BENGHAZI, Libya (Reuters) - The International Criminal Court has evidence Muammar Gaddafi's government planned to put down protests by killing civilians before the uprising in Libya broke out, the ICC's prosecutor said on Tuesday.
The peaceful protests that erupted on February 15 descended into civil war as Gaddafi's forces first fired on demonstrators, then violently put down the uprisings that followed in the west, leaving the east and the third city of Misrata in rebel hands.
NATO-led air power is now holding the balance in Libya, preventing Gaddafi's forces overrunning the seven-week old revolt, but unable for now to hand the rebels outright victory.
The United Nations Security Council, which on March 17 sanctioned air strikes on Libyan government forces to prevent them killing civilians, in February referred Libya to the ICC, the world's first permanent war crimes court.
Court prosecutor Luis Moreno-Ocampo is to report back to the U.N. on May 4, and is then expected to request arrest warrants.
"We have evidence that after the Tunisia and Egypt conflicts, people in the (Gaddafi) regime were planning how to control demonstrations in Libya," Moreno-Ocampo told Reuters in an interview.
"The shootings of civilians was a pre-determined plan," he said, adding the plan started to be developed in January.
The court prosecutor wants to speak to former Libyan Foreign Minister Moussa Koussa who defected to Britain last week, saying he did so because of attacks on civilians by Gaddafi's forces.
Koussa's defection would be taken into consideration in the investigation into Gaddafi, his sons and aides, Moreno-Ocampo said, hinting others inside the government might follow suit.
"The fact that Moussa Koussa defected is interesting because that is one option you have. If you have no power to stop the crimes then you can defect to show you are not responsible," he said.
Fighting on the frontline in the eastern oil terminal town of Brega has become bogged down with Gaddafi's advantage in tanks and artillery canceled out by NATO-led air strikes which effectively back the rebels.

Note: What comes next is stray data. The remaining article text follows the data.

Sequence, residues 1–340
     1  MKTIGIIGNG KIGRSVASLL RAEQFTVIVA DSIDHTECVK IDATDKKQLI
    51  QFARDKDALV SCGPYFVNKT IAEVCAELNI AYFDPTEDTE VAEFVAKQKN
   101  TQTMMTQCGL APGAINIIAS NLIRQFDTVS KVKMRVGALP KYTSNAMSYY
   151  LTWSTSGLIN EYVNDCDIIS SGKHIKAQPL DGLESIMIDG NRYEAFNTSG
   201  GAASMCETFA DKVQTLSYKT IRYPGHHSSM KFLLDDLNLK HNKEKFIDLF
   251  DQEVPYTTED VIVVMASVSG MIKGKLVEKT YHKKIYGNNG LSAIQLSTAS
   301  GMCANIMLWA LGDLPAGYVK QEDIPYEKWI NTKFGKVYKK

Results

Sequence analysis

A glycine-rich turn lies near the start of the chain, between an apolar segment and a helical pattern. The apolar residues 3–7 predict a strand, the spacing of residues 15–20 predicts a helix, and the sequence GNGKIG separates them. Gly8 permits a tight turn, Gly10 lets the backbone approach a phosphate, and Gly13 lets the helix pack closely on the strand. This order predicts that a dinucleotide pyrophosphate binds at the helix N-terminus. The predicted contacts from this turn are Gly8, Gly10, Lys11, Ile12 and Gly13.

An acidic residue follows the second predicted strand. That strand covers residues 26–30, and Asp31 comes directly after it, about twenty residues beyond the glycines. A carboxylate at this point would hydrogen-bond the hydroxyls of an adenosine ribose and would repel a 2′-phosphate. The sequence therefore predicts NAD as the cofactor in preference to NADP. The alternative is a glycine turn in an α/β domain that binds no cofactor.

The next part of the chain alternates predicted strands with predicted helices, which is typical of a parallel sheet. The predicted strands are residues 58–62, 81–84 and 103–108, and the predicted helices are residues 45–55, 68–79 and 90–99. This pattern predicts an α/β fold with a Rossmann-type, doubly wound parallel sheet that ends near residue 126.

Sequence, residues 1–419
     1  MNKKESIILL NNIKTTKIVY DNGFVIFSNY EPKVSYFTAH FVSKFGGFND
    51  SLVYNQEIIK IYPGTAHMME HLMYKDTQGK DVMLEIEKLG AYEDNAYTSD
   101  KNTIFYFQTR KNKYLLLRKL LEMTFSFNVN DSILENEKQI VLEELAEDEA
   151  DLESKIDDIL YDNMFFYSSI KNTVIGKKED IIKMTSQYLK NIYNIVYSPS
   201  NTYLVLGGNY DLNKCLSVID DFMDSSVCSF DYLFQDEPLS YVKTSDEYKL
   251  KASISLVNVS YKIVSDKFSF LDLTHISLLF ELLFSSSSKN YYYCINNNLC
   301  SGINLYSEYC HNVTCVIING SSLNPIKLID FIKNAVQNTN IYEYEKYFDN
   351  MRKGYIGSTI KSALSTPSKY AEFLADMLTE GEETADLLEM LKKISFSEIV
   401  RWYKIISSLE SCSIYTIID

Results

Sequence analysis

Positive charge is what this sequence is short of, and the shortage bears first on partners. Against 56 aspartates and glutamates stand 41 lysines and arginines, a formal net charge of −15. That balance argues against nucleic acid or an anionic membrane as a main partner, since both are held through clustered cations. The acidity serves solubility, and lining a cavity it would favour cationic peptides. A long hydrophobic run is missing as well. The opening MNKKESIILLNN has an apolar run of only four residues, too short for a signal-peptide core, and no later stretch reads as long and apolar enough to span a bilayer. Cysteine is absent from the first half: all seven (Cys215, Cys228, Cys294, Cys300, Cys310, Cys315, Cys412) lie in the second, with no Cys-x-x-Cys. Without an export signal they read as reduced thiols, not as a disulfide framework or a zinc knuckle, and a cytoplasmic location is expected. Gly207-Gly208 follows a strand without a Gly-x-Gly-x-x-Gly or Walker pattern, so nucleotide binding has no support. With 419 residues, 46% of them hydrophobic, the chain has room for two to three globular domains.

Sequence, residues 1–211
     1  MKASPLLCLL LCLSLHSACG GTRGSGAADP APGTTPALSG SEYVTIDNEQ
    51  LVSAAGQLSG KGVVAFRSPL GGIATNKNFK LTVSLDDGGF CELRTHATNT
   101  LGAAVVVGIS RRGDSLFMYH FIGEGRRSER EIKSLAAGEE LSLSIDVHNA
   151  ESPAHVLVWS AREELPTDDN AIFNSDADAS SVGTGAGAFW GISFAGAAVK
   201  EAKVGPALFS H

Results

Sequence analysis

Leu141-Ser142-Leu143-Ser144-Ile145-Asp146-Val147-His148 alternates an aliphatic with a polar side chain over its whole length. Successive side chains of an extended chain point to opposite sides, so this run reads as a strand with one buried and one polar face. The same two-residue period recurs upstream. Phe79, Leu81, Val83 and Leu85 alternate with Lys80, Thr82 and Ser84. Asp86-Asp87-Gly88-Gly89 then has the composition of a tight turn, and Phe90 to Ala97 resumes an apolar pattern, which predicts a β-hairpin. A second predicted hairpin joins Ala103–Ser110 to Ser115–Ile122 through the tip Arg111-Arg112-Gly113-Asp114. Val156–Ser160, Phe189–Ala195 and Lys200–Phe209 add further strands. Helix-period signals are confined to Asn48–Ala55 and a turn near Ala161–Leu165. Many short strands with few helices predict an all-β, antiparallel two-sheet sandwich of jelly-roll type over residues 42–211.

Diplomatic efforts to end the conflict have similarly failed to make any progress with the government side offering concessions, but insisting Gaddafi stay in power and the rebels adamant that Libya's leader for the past 41 years leave.
After a series of rapid rebel advances followed by headlong retreats, the insurgents have held their ground for six days now in Brega, putting their best trained forces in to battle for the town and keeping the disorganized volunteers away.
A familiar pattern has set in, with lightly armed volunteers pulling back under rocket fire and better-trained rebel soldiers, most of them from army units that defected from Gaddafi or came out of retirement, tending to hold their ground.
As two government trucks mounted with heavy machine guns lay smoldering from an allied air strike, machinegun fire was heard in the west of the sparsely populated desert settlement then rockets landed near a group of rebels waiting with machine gun mounted pick-up trucks at the town's eastern gate.
Rockets zipped back toward Brega from a rebel position near the entrance to its eastern residential zone, but as more government ordinance rained down, scores of rebels leapt into their pick-ups and sped off once again into the desert.
"It's back and forth," said a rebel officer who did not give his name. "The clashes are continuing between the industrial area, the company and the residential area."
The rebels appear to be set for a boost with the arrival of a tanker in one of their ports which can carry 1 million barrels of crude, worth more than $100 million, which would be their first shipment since the fighting broke out.
That will help the rebel leadership to pay salaries and bolster its image as a potential government.
Rebel leaders say Qatar has agreed to market oil from east Libyan fields after the Gulf state recognized the revolutionary council in Benghazi as Libya's legitimate government.
In the capital Tripoli, angered by fuel shortages and long queues for basic goods caused by sanctions and air strikes, some residents began openly predicting Gaddafi's imminent downfall.
The government offered concessions. Spokesman Mussa Ibrahim said Libya was ready for a "political solution" with world powers and offered a "constitution, election, anything. But the leader has to lead this forward."
Libyan Deputy Foreign Minister Abdelati Obeidi ended a trip to Greece, Turkey andMalta to set out the government position.
Turkey is expecting an envoy to visit from the opposition in the coming days and is listening to both sides.
"Both sides have a rigid stance," a Turkish Foreign Ministry official said after Obeidi's visit. "One side, the opposition, is insisting that Gaddafi should go. The other side is saying Gaddafi should stay. So there is no breakthrough yet."
(Additional reporting by Alexander Dziadosz in Brega, Aaron Gray-Block in The Hagueand Ibon Villelabeitia in Cairo; Writing by Jon Hemming; Editing by Giles Elgood)